I think that the main reason our politicians are not making the necessary decisions is the fault of the mainstream media. The media should be asking questions on alternative fuels, not Fuelwatch or a 5 cent reduction in excise.

The media that are failing our democracy. We rely on the media to keep us informed and we rely on the media to ask the real questions of our politicians.

Give us better media and I believe we would have better government.

Re  John Pratt's worthwhile comments

Re John Pratt's worthwhile comments here including on gas, didn't we flog it all to the Chinese at bargain basement prices? Am sure Marilyn Shepherd mentioned it a recent post. Costello made a big deal of humming and hawing about "considering the national interest", but wasn't that because an election was due?

They've had a real battle there (WA) getting a bit of the stuff back for their own uses.

Last year Howard minister MacFarlane (one of those with a speech impediment ) grizzled about "market forces" when Carpenter attempted a manoeuvre concerning the problem, and after blowing up their processing plant last month it’s proving hard for Sandgropers to get enough gas to keep essentials going, till the thing is fixed (looked spec on tel, didn’t it?).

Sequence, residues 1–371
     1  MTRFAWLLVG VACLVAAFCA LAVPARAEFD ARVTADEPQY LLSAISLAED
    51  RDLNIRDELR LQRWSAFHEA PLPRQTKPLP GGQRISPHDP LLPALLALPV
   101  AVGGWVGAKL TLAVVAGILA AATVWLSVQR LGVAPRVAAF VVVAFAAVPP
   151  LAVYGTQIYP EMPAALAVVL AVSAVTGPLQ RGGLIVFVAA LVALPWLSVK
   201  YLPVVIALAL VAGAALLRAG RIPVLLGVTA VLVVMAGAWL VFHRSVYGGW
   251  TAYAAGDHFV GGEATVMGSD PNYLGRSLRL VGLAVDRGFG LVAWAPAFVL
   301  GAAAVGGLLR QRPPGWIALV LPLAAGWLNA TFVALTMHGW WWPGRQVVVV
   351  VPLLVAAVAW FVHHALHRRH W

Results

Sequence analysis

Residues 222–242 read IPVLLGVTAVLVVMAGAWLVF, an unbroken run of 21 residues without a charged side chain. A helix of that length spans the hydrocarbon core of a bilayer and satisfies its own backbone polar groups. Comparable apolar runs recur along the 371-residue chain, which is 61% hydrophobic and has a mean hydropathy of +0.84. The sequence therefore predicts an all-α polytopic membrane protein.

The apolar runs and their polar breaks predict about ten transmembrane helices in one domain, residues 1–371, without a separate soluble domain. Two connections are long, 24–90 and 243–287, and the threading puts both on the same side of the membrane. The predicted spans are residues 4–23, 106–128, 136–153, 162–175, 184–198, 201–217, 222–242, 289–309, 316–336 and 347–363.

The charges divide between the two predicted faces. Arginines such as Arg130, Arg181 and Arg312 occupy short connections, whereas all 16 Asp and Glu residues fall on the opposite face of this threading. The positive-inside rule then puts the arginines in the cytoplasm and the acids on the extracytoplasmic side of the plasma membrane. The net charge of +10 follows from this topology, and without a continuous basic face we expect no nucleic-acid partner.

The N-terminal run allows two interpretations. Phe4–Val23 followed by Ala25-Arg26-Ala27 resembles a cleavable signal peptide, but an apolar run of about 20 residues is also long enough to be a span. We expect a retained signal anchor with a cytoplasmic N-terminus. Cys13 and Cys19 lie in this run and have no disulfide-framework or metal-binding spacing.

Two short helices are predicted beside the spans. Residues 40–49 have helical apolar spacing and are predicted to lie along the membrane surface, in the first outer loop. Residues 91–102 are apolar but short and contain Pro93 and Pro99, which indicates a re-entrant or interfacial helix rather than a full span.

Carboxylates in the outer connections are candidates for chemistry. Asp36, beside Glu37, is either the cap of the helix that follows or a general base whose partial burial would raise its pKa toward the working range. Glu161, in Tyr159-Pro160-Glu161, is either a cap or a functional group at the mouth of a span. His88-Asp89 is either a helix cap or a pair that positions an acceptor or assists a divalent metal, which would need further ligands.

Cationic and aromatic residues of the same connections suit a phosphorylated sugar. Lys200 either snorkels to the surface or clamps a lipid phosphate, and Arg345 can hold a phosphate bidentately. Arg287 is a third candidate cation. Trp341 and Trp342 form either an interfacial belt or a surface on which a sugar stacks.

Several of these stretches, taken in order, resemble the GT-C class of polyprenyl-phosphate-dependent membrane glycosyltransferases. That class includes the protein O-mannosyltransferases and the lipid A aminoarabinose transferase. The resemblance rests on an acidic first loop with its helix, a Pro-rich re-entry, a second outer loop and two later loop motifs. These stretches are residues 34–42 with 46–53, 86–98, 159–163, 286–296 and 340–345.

As for governments "being the problem", I have a fond prejudice that it is because all politicians are in the pockets of so-called developers.

John reckoned I was a "Luddite" for being suspicious of the latest NSW privatisation, in a recent Ian MacDougall thread, but history is littered with shonky antisocial deals since Ma Thatcher dreamed up the first ones a generation ago and the local economic rationalists followed suit; "monkey see, monkey do".

Some would say these policies are bipartisan, but all that proves is that whatever else politicians disagree about, the one thing they share in common is a nose for a buck.

"Frarm par ol' Nad Ludd",

Sorry, John.

Turnbull's smart incision on petrol prices

Don't anybody get me wrong please. I think (as a swinging voter) that Brendan Nelson is a better politician than Malcolm Turnbull. It's just that Nelson has allowed himself to be stampeded into the populist move of trying to lower petrol prices by dropping excise, and transferring the pain elsewhere. Not a real smart on pain, in medicine or anything else, but now he's stuck with it. He can't back off without humiliation, and Turnbull and the government know it.